HL Deb 12 October 1976 vol 375 cc203-8

2.38 p.m.


My Lords, I beg leave to ask the Question which stands in my name on the Order Paper.

The Question was as follows:

To ask Her Majesty's Government what further action they now propose to curb hooliganism connected with football, taking into account the present availability of special railway trains for club supporters.


My Lords, my right honourable friends the Home Secretary, the Minister for Sport, and the Secretaries of State for Scotland and Transport discussed last night what action should be taken following the outbreak of violence at the Aston Villa/Glasgow Rangers match. The Chief Constables of West Midlands and Strathclyde have been asked to submit detailed reports and the Football Association is carrying out its own inquiry. Special trains run by British Rail are usually chartered and stewarded by football clubs and supporters' clubs. However, no special trains were run last Saturday to that game. The scheduled trains carrying supporters from Glasgow to Birmingham were effectively policed and the sale of alcohol strictly controlled.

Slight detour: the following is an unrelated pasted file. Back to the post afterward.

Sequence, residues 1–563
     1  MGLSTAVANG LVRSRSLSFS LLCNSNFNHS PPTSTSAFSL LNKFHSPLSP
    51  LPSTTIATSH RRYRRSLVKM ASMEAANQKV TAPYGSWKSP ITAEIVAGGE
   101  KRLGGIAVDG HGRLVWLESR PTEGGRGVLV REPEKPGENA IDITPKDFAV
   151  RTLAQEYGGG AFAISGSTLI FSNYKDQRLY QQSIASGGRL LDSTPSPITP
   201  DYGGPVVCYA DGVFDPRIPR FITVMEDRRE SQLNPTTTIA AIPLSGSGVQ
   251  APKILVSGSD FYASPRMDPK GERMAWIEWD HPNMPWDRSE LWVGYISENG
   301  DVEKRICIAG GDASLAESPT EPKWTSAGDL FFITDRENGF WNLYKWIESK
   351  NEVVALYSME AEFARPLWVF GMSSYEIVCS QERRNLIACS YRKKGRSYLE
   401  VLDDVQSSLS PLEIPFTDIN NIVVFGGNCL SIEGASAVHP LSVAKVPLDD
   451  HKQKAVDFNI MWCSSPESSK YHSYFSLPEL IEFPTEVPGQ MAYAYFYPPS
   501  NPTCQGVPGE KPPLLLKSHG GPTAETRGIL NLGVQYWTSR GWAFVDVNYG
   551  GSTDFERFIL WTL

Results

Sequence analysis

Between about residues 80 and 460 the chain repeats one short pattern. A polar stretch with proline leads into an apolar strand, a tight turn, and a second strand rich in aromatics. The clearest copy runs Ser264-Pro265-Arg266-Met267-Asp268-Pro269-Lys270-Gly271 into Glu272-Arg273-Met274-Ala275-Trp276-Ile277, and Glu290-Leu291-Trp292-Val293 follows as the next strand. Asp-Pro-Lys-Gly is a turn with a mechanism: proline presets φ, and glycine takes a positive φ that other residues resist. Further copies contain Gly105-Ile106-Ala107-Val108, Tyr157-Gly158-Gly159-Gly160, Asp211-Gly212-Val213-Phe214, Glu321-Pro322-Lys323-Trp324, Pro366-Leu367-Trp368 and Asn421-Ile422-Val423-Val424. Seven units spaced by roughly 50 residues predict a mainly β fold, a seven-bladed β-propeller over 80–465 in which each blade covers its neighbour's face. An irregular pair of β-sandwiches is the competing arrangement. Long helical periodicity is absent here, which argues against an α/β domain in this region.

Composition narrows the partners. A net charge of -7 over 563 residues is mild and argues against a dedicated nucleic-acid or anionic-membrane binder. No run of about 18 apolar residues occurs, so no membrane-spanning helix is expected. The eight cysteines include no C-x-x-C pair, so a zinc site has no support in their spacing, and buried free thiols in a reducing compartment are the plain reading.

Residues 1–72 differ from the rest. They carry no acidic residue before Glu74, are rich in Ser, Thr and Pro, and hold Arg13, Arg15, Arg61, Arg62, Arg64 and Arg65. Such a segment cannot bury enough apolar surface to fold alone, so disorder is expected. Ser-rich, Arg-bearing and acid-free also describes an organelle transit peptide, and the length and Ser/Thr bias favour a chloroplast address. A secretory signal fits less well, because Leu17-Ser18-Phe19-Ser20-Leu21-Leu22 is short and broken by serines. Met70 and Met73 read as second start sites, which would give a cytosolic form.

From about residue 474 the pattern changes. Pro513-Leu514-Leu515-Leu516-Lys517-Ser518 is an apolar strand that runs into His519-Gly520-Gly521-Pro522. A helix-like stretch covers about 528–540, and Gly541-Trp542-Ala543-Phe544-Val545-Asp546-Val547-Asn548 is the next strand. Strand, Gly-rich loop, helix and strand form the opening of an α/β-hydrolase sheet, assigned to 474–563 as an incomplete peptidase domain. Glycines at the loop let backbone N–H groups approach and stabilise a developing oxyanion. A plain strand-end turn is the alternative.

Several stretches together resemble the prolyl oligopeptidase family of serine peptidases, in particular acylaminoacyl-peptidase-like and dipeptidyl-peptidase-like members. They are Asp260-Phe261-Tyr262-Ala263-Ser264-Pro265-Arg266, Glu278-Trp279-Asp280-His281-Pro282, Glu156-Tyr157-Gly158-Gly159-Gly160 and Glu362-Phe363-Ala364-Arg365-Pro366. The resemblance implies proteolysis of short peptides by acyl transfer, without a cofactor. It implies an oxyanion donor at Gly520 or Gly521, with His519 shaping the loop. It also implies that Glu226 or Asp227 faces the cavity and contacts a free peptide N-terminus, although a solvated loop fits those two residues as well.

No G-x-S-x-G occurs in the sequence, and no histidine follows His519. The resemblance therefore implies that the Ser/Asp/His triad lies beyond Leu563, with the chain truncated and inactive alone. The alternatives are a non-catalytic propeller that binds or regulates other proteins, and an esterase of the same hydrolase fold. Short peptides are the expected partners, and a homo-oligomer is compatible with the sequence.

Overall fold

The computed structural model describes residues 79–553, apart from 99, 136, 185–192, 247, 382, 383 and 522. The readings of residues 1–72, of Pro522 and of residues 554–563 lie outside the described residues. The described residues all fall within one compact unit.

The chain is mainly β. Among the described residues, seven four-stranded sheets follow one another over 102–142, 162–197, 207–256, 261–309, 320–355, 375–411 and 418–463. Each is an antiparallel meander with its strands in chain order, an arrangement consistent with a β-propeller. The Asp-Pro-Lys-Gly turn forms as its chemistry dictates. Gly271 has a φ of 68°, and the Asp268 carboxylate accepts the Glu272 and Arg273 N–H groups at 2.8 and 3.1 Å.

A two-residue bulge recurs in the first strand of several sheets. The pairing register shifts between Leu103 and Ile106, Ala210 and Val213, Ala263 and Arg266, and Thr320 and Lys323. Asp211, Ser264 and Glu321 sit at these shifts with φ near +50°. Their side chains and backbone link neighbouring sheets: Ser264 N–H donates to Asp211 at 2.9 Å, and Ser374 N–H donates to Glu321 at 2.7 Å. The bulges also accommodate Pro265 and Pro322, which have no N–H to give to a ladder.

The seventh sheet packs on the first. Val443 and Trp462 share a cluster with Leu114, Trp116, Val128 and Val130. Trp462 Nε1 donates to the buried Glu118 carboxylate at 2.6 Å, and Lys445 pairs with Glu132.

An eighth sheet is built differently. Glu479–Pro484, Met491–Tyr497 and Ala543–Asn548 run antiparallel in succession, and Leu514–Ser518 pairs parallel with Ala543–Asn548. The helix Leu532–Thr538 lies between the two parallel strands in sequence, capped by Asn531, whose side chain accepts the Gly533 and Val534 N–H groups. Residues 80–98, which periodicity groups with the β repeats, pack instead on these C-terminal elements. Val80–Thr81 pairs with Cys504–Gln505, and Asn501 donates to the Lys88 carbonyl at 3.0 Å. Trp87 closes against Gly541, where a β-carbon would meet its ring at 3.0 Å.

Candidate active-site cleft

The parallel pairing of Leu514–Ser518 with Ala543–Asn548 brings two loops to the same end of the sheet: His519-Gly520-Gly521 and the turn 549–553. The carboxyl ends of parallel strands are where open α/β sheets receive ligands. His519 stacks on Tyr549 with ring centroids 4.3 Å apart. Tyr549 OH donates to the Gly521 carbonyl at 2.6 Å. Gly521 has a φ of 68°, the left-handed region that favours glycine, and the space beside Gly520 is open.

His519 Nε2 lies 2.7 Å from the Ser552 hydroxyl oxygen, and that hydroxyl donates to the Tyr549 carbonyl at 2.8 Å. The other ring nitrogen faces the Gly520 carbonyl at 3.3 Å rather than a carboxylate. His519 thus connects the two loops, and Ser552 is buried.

My Lords, I am grateful to the noble Baroness for that reply. Is she aware that most of the deplorable trouble that occurred last Saturday was at matches known as "friendlies"? If football is not to be spoilt for millions in this country, does the noble Baroness not agree that urgent action by the Government is required, including legislation if necessary, to provide stiffer penalties, fines having been proved ineffective? One remedy might be for culprits to report to the police at four o'clock on Saturday afternoons. Furthermore, is not more control required on buses? For example, drinking is prohibited on buses in Scotland, but it is not prohibited on buses South of the Border.

Baroness BIRK